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Investment views

The next half billion:
China’s rural residents

4 November 2019


Authors: Philip Saunders, Co-Head of Multi-Asset Growth, Sahil Mahtani, Multi-Asset Strategist, Greg Kuhnert, Co-Head of 4Factor, Mark Evans, China Analyst, Mike Hugman, Portfolio Manager, Emerging Market Fixed Income, Professor Robert Ash, SOAS, China institute, University of London

China’s vast rural economy is the next growth opportunity

Written in partnership with the Investec Investment Institute and SOAS’ Robert Ash, who has spent his entire career thinking about rural China, this is not just a story of organic catch-up.

The significance of China’s rural economy

Investors are well aware of the urbanisation story in China. Yet it is rural China, with its over half a billion residents, that is now becoming the key engine of China’s next great transformation.

This is not just a story of organic catch-up growth but of strong policy momentum.

Xi Jinping’s administration has made China’s rural economy a priority, focusing on overall economic growth, food security and social stability, as it seeks to augment its quality of growth, not just its quantity.

Fast fact

  • 40% of China’s population live in rural areas;
  • 3,202 Taobao Villages;
  • 8% of GDP is agriculture.

Find out more in our Alibaba case study

For investors, this is an opportunity to get involved in the take-off of Chinese consumption growth. The development of rural China is a story of integrating an economy on a vast scale. In the 20th century, the United States became a major continental trading power and the economic motor of the world, benefiting investors who rode that wave. In the 21st century, we believe investors should be laser-focused on the same transformation in China.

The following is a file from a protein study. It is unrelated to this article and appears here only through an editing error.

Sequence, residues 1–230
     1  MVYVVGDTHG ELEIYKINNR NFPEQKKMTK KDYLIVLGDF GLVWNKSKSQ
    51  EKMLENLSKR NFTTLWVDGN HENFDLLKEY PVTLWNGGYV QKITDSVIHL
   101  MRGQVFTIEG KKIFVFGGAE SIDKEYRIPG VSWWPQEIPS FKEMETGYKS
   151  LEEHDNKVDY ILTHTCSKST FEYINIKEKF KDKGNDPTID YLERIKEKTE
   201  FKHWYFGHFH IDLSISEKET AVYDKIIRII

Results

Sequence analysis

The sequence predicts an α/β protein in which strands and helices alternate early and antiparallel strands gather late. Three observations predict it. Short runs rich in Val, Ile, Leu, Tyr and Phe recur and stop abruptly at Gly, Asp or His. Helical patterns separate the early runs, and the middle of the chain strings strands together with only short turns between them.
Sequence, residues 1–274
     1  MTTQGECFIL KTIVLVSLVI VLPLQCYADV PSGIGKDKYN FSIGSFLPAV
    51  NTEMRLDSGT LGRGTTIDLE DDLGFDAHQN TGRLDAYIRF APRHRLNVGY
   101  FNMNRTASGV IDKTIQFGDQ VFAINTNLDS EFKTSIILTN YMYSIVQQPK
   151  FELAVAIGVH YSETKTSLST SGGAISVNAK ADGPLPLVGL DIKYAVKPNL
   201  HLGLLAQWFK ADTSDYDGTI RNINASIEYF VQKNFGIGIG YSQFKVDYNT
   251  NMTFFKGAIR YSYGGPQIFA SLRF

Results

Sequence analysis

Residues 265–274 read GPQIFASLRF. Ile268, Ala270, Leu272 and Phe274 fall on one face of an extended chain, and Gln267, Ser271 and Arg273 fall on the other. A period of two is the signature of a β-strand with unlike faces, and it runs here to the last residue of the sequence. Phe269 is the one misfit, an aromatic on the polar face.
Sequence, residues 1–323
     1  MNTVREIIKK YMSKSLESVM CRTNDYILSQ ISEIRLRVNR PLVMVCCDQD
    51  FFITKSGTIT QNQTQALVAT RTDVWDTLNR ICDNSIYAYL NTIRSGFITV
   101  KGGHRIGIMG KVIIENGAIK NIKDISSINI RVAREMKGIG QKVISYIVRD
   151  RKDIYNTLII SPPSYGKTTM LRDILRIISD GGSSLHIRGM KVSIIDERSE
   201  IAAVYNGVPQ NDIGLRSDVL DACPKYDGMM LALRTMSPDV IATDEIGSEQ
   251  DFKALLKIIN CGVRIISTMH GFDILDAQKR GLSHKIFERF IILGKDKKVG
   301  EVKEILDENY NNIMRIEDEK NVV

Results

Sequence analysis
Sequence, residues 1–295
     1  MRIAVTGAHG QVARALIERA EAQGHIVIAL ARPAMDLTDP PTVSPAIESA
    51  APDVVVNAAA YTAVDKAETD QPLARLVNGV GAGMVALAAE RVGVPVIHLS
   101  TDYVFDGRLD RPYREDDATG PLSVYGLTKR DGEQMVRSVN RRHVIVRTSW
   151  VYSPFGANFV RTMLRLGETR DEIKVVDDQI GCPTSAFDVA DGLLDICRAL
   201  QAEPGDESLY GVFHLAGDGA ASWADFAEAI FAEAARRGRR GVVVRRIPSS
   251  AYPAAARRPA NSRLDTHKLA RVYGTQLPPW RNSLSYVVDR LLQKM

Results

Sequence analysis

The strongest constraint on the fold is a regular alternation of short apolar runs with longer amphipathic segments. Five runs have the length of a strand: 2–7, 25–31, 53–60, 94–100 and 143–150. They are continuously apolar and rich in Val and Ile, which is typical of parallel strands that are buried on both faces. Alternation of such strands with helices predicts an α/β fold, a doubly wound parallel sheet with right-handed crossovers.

Politics powering China’s rural reform

China’s rural economy is vast, understudied and underestimated. Yet over the last two years, rural China has quietly become central to Xi Jinping’s reform plans, as he believes the Chinese Communist Party’s (CPC) ability to fulfil its major economic goals all critically depend on turbocharging the rural economy.

China has set out a clear timetable for rural reforms based on a new policy framework with the ultimate goal to create a rural sector exemplified by "strong agriculture, a beautiful countryside and well-off farmers".

The new framework has three pillars.

Boosting rural
income growth

Addressing poverty among large numbers of farmers and closing the urban-rural divide

food security

For a security-minded regime like China under Xi Jinping, national food security is essential.

Achieving environmental sustainability

Addressing farmland loss, soil pollution, water shortages and water pollution.

Aiding China in pursuing its rural reforms is its unique system of meritocracy in government. Rural progress is now a yardstick for promoting officials. This is important because of China’s model of political meritocracy, or what some have called its 'promotion tournament model'. It is a key platform for how China has been able to achieve such impressive levels of growth since the Deng years

Fast fact

In 2017, 1.56 million university graduates took China’s 5-hour civil service exam, with only 27,000 jobs available.

E-commerce: driving rural revitalisation

E-commerce has become a prime engine of rural revitalisation. Explosive growth numbers already bear this out. In the four years to 2018, online retail sales in rural China increased by a compounded annual growth rate of 66%, compared to 34% nationally.1